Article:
Internationally-renowned sculptor Foon Sham, who lives in Fairfax County and teaches sculpture at the University of Maryland, creates large meticulously-engineered structures. His approach to art making is one of a consummate commitment to quality and devotion to his materials.
Hatch is a 10-foot sculpture comprised of carved discs, fashioned from the cross sections of diverse trees. The discs are held in a graceful balance that could represent uplifted arms, the horns of an enormous ox, or a ship on the horizon.
During a summer residency in Scotland in 2009, devoid of his usual tools and materials, Foon collected local wood samples and phone books as inspiration for a new series of drawings (see above). In these works the wood serves as a three dimensional component while the grain structure determines the direction of the compositional lines.
LineWorks: Drawing Redefined is on display at the Greater Reston Arts Center until January 3, 2014. Read more here.
Line-based glyphs and pictograms were among the earliest forms of communication. Wedges pressed into clay slabs, drawings on the walls of caves, and script writing all link our earliest ancestors to the creative process of conveying thoughts and information through linear images. Line-based drawing remains a critical component in the work of contemporary artists, who are expanding the definition of drawing itself, through the adaptation of innovative processes.
The intention of this exhibition is to illuminate that a variety of materials, having been manipulated and reconstructed by inspired artists, can in essence constitute drawing. Several of the selected artists choose to transform objects in space, while others prefer to create compositions on flat surfaces. Each of the works are highly detailed, labor intensive, and involve thoughtful reflection. In addition, the works’ also highlight how human brains retain and disseminate information. Although each artist is focusing on their personal story, collectively their works share a common thread in exploring how memories are formed, collected, and forgotten, and in utilizing drawing to document their experiences.
Lee Gainer, a full-time practicing artist living and working in the DC metro region, takes snapshots of gatherings, celebrations, and other notable moments and translates them into detailed line drawings. Using a computer and a steady hand, Gainer overlays these drawings to create visual puzzles of intersecting lines that examine how memories are constructed and recalled.
“My artistic process is representative of the phases I believe are used to develop memories: the perception manufactured from expectation, the details recorded from experience, and the incompletely distinct recollection. The integrated result that becomes our memory is influenced and overwritten by different bits of information created from each of these steps. My works leverage this internal process using visual insinuation to simultaneously present the individually-meaningful moment and the universally-shared familiar experience.” – Lee Gainer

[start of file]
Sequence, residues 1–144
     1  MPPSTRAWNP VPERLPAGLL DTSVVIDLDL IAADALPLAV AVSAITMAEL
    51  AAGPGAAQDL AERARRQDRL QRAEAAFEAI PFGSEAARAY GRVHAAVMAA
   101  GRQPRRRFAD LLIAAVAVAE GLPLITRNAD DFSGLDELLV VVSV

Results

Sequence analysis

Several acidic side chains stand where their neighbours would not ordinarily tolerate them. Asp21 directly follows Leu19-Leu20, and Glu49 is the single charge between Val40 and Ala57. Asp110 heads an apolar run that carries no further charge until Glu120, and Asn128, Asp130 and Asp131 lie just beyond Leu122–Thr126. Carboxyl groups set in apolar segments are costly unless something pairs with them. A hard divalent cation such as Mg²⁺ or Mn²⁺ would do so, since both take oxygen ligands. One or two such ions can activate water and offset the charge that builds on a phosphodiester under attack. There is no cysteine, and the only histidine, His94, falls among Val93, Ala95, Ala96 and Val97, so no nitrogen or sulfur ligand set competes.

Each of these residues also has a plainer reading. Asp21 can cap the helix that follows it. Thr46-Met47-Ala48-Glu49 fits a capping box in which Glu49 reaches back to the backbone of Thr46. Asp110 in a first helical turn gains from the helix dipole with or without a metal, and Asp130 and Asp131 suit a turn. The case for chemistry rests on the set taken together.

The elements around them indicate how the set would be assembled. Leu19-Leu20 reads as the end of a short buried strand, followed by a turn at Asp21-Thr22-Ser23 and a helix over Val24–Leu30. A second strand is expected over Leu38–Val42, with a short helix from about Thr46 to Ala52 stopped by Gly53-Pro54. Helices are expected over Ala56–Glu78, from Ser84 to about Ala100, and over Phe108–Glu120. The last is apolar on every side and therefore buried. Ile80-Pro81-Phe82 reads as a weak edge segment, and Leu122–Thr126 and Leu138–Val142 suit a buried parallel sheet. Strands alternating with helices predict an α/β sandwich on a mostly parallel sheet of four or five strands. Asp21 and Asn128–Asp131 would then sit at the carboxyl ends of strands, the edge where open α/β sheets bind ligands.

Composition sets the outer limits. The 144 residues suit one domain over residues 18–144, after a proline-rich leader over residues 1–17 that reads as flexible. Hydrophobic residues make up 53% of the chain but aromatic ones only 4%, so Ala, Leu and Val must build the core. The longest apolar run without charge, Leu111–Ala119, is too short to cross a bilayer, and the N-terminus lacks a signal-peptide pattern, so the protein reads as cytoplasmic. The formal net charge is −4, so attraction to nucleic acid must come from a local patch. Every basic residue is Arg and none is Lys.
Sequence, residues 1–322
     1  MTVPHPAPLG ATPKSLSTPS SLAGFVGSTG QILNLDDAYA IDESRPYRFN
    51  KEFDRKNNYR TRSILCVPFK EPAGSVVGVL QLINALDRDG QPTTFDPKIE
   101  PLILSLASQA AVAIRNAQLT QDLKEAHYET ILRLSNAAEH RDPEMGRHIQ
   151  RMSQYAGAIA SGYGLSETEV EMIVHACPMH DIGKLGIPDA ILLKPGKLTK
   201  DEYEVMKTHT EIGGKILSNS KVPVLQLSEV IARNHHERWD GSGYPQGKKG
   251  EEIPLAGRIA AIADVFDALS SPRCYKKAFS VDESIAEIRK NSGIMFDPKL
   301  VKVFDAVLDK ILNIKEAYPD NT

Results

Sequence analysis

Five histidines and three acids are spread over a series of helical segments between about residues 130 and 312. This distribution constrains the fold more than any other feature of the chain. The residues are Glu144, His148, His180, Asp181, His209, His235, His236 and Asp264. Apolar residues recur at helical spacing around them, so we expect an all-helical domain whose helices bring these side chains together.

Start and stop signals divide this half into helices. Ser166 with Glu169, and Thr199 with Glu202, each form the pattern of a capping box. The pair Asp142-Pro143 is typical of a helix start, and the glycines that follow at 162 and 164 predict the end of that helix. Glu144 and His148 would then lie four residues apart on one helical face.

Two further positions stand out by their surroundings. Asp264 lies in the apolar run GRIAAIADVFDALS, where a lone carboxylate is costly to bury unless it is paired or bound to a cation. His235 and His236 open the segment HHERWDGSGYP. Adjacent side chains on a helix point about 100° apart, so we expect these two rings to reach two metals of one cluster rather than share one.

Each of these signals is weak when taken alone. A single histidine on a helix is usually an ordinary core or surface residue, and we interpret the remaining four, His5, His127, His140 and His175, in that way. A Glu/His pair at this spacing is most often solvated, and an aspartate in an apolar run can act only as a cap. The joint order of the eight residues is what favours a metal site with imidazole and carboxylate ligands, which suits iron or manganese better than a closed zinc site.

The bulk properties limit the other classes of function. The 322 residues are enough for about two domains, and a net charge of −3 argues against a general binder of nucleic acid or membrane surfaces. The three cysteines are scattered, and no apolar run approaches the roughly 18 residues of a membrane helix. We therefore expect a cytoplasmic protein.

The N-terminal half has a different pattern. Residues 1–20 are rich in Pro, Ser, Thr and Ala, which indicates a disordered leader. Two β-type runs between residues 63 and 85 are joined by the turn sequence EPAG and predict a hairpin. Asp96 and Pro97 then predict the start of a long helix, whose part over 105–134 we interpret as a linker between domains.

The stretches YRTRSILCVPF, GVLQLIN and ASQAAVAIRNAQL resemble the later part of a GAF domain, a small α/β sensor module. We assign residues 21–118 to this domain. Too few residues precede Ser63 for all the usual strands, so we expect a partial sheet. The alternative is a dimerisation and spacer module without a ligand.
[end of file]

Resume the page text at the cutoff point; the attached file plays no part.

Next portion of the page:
November 13, 2014 – January 3, 2015
Artist and GRACE alumna Rebecca Kamen is the recipient of the 2013 Strauss Fellowship, awarded by the Arts Council of Fairfax County. Kamen works mainly in sculptural installation, as was her 2009 show, Divining Nature: An Elemental Garden, at the Greater Reston Arts Center, which was inspired by the periodic table. Kamen will also be one of the key note speakers at the VAEA conference this year. We reached out to Kamen recently to congratulate her, and she commented on how GRACE played a role in her career development: “My sculpture installation at GRACE, Divining Nature: An Elemental Garden, inspired by the periodic table, has been an incredible catalyst since its exhibition in Reston.” For a short video on her exhibition at GRACE click here.
Philadelphia based painter Morgan Craig has traveled world wide to find his subjects; dilapidated and abandoned interior spaces, often portraying the ruins of urban dwellings, factories, asylums, and penitentiaries. He has found inspiration in a range of locations, from cities like Detroit to forbidden nuclear zones in Ukraine. Craig says about his work “While evidence of these pasts or present-day difficulties may not be pleasant, I feel it imperative that societies realize their impact on the past, present, and future concepts of identity and history.” Craig paints mainly with oil on linen, and the majority of his work is large scale, and sometimes stretches through several panels. The largest work included in this show is 72″x168″ and basically covers the whole back wall of the gallery. We’ve been busy getting this show installed the past two weeks, but we are very excited by the result. We have also installed new window panels in the gallery to be able to show more of his work. Come see the show and join us for the opening reception on April 18, 6-8pm. Morgan Craig will be present and will give an artist talk around 6.30 pm. How Familiar the Stranger: Paintings by Morgan Craig will be up April 11 – May 19.